Olga de Klein is on a journey. From painting to drawing, photography and, most recently, yarn bombing, de Klein thrives on being creative.
Though the 69-year-old says she never knows which direction her creativity will take her, she was pleasantly surprised that her yarn bombing project is being showcased on a nationally televised FedEx TV commercial airing this holiday season.
Yarn bombing is "the act of crocheting and knitting unexpected pieces for public display," de Klein says. "It was started to cover/brighten up insipid concrete and metal structures in urban living. "
In the commercial, a grandmother is talking to her daughter on the phone, asking if she received the "toaster cozy" shipped through FedEx. The daughter says "yes," and the camera shows the husband putting a huge cozy on the Christmas tree as well as several other objects covered by cozies. The last shot is a boy covered completely by a cozy and asking, "Is that Nana?"
Yarn bombing was started in Texas in 2005 by Magda Sayeg, who is considered to be the mother of the unusual art project, de Klein says.
"I had seen her work online and included it in my senior presentation at the University of Tennessee at Chattanooga about the history of knitting. One of the things I touched on was what all you could do with yarn, which lead into 'yarn bombing,'" she says.
In April 2012, de Klein yarn bombed trees in front of the Tennessee Aquarium. The "bombing" was part of MakeWorks 10 x 10 project, de Klein says. Last February, she struck again.
"I knit it (cozies) loosely for the trees so the trees could breathe," she says. "Most of the time, the rough areas of bark keep the yarn in place. When I put it on smooth poles, it is secured in a way it does not slide down."
"I did the trolley on one of the walls at Glass Street for their Better Block event. The trolley is 32 feet wide and 15 feet high." It's still covered in yarn today.
But bombing is not the only use for yarn, she says, and it also shows up in her mixed media works, which are on display at Studio 3K at WorkSpace in downtown Chattanooga..
"It is a different way of feeling creative with yarn. The yarn I get is not your typical 'grandmother's' yarn," de Klein says. "It is very colorful, varied in texture, sometimes chiffon, sometimes silk, and most of it is strips stitched together by women in India and Nepal. They either collect remnants from fabric in factories where they make saris, so it does not end up in the landfill, or are from old saris. With the proceeds, they pay for the schooling of their children."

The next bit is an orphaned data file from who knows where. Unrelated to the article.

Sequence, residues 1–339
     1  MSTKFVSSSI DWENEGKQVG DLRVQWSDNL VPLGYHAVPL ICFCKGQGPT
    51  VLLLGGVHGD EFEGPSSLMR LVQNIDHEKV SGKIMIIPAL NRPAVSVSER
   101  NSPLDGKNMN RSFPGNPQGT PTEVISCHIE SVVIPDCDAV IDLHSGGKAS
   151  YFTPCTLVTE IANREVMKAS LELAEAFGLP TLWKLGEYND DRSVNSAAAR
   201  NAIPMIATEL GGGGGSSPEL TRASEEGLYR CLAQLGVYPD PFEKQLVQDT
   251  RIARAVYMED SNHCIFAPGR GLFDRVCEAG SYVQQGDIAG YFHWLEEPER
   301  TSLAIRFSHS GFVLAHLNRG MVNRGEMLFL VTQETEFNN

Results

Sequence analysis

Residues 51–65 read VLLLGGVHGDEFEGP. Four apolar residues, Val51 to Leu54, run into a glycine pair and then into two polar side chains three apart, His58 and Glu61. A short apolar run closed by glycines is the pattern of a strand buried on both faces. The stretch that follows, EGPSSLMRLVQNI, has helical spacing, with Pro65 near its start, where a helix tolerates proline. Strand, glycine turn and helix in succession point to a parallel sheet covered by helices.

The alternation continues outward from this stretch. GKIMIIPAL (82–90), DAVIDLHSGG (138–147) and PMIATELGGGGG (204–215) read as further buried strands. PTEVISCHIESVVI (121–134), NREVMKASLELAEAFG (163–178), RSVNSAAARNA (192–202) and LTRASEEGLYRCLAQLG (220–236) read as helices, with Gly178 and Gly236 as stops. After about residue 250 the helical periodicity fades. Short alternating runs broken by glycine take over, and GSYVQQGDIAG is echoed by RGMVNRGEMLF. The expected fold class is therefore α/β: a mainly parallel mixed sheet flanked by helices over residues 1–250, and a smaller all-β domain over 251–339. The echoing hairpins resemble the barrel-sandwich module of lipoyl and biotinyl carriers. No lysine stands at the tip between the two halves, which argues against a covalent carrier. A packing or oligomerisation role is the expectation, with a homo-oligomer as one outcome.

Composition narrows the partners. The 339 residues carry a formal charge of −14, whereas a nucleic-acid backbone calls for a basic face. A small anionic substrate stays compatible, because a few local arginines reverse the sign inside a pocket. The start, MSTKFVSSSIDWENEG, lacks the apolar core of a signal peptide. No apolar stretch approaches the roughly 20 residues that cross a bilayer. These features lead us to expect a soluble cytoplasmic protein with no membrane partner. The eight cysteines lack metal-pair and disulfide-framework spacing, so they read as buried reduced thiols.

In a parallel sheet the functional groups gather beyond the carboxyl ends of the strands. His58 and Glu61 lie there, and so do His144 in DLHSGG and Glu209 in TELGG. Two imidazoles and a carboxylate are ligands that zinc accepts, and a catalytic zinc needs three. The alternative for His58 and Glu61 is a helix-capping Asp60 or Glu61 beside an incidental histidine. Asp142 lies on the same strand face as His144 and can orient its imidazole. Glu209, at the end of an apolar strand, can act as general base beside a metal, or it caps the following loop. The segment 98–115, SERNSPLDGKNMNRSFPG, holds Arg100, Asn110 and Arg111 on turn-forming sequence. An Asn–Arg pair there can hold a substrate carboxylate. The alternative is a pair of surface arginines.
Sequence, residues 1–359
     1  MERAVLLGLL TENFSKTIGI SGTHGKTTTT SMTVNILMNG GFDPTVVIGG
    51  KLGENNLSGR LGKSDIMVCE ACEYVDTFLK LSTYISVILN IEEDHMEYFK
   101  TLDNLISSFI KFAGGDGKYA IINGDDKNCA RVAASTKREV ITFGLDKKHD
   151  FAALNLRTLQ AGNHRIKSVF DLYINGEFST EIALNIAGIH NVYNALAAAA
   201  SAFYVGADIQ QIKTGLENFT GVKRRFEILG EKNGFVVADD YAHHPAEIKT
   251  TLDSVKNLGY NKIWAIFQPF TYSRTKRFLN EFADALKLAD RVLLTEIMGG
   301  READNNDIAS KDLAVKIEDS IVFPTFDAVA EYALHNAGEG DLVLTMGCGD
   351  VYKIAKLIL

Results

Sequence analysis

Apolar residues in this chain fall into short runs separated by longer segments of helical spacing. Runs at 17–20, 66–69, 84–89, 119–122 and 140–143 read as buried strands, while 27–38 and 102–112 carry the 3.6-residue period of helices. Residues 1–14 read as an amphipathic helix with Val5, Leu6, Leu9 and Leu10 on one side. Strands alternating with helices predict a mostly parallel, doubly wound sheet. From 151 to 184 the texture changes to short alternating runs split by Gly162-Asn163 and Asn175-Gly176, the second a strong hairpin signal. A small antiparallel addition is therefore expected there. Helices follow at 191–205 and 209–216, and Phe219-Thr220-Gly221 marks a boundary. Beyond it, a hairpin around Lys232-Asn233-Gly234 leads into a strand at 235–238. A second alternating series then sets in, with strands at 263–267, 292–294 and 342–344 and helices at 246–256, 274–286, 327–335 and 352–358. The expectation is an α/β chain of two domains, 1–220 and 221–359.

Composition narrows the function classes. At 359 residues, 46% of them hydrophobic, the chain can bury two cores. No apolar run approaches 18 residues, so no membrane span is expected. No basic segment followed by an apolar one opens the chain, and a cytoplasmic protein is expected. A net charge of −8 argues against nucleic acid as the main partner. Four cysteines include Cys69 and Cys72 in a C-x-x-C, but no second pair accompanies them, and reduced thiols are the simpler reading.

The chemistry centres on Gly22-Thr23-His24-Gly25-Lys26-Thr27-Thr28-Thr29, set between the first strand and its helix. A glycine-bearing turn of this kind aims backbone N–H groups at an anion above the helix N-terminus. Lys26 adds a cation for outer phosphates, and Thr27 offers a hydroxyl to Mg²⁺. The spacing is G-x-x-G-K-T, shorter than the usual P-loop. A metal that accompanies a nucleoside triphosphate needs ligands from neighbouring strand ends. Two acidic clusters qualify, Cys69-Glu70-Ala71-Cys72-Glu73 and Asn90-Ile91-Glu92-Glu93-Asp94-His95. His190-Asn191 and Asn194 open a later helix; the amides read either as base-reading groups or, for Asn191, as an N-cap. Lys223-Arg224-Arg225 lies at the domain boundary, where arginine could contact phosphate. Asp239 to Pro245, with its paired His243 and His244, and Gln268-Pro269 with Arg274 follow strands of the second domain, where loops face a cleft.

She purchases the majority of her yarn from the DarnGoodYarn website, she says. "The owner of the business, Nicole Snow, has helped me in all my yarn-bomb endeavors, and always came through when I had to place a frantic call for more and/or different colors of yarn, texture, etc.," she says.
It was de her connection with Snow that lead to her participation in the commercial, de Klein explains. Last October, Snow received a grant from the FedEx Small Business Competition that landed their yarn art in the commercial.
"I could not do all this by myself in less than a week, but Nicole had team of knitters who helped as well. Nicole called back, asking me to help her pull it all together and five days later I was on a plane to Los Angeles, where I arrived around the same time as Nicole, both armed with suitcases full of cozies.
"We fitted all the items -- refrigerator door, toaster, dog, Christmas tree, an outside topiary. We only had to adjust the cozy for Fritz, the dog, which was a little too big on him."
A native of the Netherlands, de Klein moved to America in 1967 and earned a Bachelor of Fine Arts degree in painting and drawing at UTC in 2011. Her grandmother taught her to knit.
"I stopped knitting for many years but took it up again after Adrian (her youngest son) died, and I knitted one scarf after the other, mindlessly, as it took me away from that cutting pain," she says. "Then, when it was time for my senior project at UTC, and I wanted to get away from doing the same thing, I decided to 'paint' with yarn and it has been like that ever since."
Contact Karen Nazor Hill at firstname.lastname@example.org or 423-757-6396.